• Slight API changes to accommodate to Mill 0.11 (only return values of pluginUnderTestDetails and temoraryIvyModuleDetails)

  • Minor documentation and internal improvements

0.6.1 - 2022-07-11

  • Fixed default value for TestInvocation.Targets.noServer

0.6.0 - 2022-04-13

  • Support running Mill under test in server mode

  • mill-integrationtest is now also CI tested on Windows

0.5.1 - 2022-04-12

  • Fixed non-functional tests under Windows

0.5.0 - 2022-03-09

  • Support to specify environment variables for test runs

  • Support moduleDeps of tests plugins (to publish them transitively into the test repository)

  • Updated toolchain to use Mill 0.10.1 and newer plugins

0.4.2 - 2022-03-08

  • Added support for Mill 0.10

  • Added support for mill milestone versions

  • Added prefetcIvyDeps and offline support

  • Dependency updates

  • Dropped support for older Mill versions

0.4.1 - 2021-06-09

  • Improved output, esp. in error case

  • Added new perTestResources target

  • Work around binary compatibility issues with mill 0.9.7

0.4.0 - 2020-11-30

  • Added support for mill 0.9.3 while maintaining backward-compatible versions down to mill 0.6.2

  • Introduce a new artifact name suffix (_mill0.9 for mil 0.9.3) to support multiple mill API versions.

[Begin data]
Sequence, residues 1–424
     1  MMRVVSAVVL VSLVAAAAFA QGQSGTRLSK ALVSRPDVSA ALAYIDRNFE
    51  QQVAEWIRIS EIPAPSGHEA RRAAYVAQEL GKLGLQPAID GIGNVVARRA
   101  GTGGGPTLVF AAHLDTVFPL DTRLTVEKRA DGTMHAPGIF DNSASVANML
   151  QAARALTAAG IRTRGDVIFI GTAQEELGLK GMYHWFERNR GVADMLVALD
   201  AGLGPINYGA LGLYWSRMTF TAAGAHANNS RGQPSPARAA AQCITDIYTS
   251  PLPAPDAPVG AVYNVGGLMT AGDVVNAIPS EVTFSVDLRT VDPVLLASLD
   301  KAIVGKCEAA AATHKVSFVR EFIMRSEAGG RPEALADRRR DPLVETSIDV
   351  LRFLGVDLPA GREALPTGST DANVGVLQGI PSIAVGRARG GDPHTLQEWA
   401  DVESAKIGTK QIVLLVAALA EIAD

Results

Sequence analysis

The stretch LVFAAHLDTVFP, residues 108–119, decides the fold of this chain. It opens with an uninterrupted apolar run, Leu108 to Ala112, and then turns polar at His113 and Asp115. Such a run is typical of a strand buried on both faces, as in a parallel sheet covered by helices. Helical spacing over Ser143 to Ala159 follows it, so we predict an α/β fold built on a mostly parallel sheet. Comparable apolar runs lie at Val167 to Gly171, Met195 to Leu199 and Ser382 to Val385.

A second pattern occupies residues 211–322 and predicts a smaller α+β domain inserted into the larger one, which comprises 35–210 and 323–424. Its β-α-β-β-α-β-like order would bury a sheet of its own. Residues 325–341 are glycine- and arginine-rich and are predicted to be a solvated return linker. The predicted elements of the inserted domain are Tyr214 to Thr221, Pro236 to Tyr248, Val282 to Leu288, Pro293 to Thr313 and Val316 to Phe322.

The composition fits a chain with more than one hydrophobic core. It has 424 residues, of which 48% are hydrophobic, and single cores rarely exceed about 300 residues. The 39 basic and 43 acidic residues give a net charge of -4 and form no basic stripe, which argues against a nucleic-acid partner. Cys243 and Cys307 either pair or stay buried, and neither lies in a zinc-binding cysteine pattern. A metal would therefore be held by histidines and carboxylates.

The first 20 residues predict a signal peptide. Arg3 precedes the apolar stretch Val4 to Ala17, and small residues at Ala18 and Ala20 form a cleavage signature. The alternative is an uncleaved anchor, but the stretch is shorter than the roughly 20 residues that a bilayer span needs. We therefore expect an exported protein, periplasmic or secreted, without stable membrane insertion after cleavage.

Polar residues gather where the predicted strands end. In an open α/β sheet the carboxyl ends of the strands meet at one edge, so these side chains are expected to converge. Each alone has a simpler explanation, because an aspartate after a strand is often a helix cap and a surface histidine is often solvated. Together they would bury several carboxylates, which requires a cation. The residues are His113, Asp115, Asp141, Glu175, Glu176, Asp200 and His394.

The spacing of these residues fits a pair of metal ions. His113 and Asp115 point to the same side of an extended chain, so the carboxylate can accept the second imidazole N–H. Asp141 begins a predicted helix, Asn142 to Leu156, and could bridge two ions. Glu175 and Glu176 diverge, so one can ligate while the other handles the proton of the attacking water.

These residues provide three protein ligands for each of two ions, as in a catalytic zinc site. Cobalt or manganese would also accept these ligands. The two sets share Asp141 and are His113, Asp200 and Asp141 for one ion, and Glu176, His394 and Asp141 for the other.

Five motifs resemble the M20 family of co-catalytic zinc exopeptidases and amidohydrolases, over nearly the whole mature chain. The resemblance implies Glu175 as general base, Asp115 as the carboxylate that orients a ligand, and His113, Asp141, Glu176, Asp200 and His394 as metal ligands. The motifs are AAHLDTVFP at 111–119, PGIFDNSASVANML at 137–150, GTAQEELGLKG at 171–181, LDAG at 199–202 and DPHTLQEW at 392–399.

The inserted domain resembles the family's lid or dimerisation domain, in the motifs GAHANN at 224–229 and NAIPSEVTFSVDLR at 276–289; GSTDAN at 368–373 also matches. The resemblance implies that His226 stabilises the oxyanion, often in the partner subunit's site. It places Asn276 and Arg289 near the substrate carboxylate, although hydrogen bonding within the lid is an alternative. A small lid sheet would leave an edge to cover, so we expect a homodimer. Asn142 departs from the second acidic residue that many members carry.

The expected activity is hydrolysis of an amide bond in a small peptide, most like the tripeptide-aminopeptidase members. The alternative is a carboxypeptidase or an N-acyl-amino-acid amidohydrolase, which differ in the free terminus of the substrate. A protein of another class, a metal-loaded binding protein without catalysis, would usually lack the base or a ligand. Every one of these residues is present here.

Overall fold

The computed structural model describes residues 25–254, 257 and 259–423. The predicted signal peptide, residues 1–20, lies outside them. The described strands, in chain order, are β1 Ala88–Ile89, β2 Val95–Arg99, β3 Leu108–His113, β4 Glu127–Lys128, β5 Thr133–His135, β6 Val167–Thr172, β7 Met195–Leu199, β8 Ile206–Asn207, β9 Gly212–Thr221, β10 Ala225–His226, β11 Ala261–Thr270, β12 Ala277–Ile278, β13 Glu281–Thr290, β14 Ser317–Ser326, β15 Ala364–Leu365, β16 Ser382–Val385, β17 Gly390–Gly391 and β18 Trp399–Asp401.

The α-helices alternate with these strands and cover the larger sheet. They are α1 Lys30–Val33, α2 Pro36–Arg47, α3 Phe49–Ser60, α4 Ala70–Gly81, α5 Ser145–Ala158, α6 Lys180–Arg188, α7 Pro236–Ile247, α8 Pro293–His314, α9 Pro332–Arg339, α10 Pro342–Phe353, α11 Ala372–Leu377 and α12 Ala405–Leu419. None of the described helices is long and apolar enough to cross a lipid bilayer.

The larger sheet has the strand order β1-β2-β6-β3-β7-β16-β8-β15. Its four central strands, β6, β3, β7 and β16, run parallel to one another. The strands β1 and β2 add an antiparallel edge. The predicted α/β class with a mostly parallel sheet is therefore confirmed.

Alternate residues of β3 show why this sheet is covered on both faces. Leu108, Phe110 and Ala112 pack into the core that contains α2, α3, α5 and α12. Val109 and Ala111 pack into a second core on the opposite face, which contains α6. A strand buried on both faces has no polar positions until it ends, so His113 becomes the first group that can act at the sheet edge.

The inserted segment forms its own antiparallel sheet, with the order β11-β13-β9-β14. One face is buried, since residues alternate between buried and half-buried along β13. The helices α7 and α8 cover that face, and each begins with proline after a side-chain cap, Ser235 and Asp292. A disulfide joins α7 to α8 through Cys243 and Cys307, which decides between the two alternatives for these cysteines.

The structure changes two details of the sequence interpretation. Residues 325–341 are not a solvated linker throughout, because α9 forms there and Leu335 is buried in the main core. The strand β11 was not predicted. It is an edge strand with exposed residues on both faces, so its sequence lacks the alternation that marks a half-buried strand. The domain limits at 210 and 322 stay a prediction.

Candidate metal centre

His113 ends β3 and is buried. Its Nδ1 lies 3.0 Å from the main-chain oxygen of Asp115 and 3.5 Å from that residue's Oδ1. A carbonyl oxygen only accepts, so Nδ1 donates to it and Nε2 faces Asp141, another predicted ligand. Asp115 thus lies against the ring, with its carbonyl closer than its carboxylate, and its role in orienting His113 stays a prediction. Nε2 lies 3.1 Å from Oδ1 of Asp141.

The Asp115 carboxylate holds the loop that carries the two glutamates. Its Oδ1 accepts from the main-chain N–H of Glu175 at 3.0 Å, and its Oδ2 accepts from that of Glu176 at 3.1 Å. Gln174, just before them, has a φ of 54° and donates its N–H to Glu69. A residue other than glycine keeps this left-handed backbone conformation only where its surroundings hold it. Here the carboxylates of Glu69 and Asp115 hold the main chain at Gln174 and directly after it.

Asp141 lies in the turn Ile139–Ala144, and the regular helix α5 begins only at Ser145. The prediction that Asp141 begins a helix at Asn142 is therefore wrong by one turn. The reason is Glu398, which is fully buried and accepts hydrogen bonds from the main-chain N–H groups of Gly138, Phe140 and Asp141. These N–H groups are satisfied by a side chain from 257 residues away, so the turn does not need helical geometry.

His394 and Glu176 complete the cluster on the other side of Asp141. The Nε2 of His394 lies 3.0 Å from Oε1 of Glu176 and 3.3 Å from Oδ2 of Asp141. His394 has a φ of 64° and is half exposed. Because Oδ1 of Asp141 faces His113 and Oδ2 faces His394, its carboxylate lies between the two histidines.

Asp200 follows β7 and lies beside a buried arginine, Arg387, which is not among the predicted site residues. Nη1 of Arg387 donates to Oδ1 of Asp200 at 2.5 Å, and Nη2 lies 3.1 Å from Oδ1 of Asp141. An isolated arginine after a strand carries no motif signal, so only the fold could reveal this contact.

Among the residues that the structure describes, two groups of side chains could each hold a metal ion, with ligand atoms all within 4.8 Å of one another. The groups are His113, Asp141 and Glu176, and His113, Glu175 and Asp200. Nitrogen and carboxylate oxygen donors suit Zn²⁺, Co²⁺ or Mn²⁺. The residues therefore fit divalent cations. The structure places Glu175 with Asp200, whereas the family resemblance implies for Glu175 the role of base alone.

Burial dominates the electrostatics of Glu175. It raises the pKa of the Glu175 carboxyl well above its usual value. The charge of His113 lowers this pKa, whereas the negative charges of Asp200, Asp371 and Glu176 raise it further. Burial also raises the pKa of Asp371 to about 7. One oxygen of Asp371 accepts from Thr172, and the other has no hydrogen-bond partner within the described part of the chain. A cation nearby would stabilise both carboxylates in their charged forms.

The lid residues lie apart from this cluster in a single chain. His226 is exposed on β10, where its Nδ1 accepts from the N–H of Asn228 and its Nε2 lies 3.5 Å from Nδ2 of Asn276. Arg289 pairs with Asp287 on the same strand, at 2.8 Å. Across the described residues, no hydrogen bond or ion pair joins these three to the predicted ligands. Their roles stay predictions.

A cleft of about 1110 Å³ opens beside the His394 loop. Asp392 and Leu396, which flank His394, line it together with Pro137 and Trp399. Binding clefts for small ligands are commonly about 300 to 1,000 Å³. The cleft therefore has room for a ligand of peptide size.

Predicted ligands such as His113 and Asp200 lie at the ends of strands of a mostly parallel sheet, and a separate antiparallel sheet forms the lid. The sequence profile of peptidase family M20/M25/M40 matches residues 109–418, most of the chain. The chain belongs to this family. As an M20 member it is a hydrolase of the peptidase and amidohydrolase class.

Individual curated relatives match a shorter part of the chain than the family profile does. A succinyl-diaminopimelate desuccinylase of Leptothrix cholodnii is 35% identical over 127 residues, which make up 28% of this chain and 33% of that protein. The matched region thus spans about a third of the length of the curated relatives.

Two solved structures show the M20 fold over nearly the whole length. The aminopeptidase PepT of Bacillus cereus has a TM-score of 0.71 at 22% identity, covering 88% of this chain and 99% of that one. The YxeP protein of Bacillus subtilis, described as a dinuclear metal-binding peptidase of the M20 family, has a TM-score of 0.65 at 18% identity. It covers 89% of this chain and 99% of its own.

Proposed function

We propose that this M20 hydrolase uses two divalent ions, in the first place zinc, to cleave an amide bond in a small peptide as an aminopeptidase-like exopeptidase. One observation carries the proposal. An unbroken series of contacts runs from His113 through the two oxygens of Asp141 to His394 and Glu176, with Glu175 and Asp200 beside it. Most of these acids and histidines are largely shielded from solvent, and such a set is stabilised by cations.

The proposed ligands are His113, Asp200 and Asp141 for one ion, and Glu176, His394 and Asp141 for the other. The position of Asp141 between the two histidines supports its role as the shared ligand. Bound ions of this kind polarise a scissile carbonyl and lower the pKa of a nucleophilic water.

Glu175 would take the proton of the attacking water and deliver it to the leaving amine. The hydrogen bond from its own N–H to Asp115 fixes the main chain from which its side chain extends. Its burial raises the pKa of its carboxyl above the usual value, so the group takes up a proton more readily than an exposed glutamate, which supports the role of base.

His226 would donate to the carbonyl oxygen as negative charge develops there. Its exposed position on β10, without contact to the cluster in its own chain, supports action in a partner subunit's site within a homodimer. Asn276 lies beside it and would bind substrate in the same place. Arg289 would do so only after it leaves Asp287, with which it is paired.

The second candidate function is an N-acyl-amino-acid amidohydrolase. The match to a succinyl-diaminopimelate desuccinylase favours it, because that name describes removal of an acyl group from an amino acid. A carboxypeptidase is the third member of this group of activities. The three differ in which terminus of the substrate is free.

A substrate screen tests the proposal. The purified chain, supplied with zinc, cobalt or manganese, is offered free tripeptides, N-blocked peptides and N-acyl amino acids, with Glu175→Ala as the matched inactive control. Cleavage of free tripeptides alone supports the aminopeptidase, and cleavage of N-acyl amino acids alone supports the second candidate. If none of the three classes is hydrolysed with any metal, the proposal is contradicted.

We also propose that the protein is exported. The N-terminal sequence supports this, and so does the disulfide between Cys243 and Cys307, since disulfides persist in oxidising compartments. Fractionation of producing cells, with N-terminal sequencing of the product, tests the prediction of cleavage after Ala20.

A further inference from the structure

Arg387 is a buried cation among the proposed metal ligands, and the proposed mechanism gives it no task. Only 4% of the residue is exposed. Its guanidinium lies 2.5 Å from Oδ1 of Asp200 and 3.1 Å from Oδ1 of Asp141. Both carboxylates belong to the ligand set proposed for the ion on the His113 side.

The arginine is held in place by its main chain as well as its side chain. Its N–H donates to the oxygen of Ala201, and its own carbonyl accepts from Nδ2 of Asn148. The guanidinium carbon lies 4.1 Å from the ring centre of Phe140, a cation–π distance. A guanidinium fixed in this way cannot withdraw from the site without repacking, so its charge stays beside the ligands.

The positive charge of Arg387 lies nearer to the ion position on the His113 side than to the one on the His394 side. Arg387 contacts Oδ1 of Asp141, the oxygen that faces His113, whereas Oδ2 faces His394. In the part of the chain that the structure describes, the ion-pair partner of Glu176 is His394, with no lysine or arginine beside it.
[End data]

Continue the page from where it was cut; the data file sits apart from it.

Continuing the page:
• Various version bumps: scalatest 3.2.3, scalafmt 2.7.5, scoverage 1.4.2

0.3.3 - 2020-07-03

  • New option showFailedRuns to always show output of failed runs

0.3.2 - 2020-07-03

  • Re-use mill download cache under ~/.cache

  • Added integration tests

  • Improved output and error reporting

  • Integration test runs now will be written to a dedicated log file

  • When mill it run in debug mode (-d), the complete log of a failed run will be printed after the test summary

  • More documentation

0.3.1 - 2020-05-19

  • Fixed issues on Windows when setting script permissions

0.3.0 - 2020-05-15

  • Cross-publishing for Mill API 0.6.2 (Scala 2.12) and mill API 0.7.0 (Scala 2.13)

  • Use newer mill 0.6.2 API to publish to custom ivy repositories

  • Fixes Windows support

  • Only scan existing source dirs for test cases

0.2.1 - 2020-02-27

  • Bumped Mill API to 0.6.0

0.2.0 - 2020-02-27

  • Added support to run selective tests

  • Targets test and testCached no return the test result

  • new target testCachedArgs to control args feeded to testCachedArgs

  • Test executor now generated a mill script which allows you to manually invoke mill in a test destination directory

  • New target testInvocations providing much finer control over executed targets and their expected exit value

0.1.2 - 2020-02-18

  • New target temporaryIvyModulesDetails

  • New target testCached

0.1.1 - 2020-01-08

  • Version bump mill API to 0.5.7

0.1.0 - 2019-02-21

  • Initial public release